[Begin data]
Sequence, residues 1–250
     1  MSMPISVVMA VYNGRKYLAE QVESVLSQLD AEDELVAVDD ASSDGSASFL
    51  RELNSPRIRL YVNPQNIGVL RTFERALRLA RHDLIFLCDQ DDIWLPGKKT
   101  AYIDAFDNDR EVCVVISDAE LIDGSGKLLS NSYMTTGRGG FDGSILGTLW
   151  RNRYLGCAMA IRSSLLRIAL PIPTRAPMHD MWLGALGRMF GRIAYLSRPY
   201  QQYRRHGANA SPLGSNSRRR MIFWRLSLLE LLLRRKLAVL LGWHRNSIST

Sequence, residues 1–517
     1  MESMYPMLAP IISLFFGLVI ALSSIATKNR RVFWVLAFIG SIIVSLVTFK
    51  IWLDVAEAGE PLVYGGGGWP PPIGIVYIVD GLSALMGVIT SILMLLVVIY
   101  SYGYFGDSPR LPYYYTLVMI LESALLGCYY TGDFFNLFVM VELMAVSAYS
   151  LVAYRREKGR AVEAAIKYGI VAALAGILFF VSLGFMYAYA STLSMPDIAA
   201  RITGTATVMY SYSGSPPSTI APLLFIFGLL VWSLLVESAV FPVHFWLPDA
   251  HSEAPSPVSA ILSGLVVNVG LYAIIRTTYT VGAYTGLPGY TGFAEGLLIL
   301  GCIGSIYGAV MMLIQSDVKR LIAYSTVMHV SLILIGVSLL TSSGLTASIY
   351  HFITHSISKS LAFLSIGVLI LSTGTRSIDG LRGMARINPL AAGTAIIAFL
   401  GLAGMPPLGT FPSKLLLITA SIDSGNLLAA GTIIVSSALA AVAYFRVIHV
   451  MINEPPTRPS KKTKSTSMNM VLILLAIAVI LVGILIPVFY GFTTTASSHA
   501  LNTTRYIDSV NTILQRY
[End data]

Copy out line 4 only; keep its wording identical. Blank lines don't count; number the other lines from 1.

   101  AYIDAFDNDR EVCVVISDAE LIDGSGKLLS NSYMTTGRGG FDGSILGTLW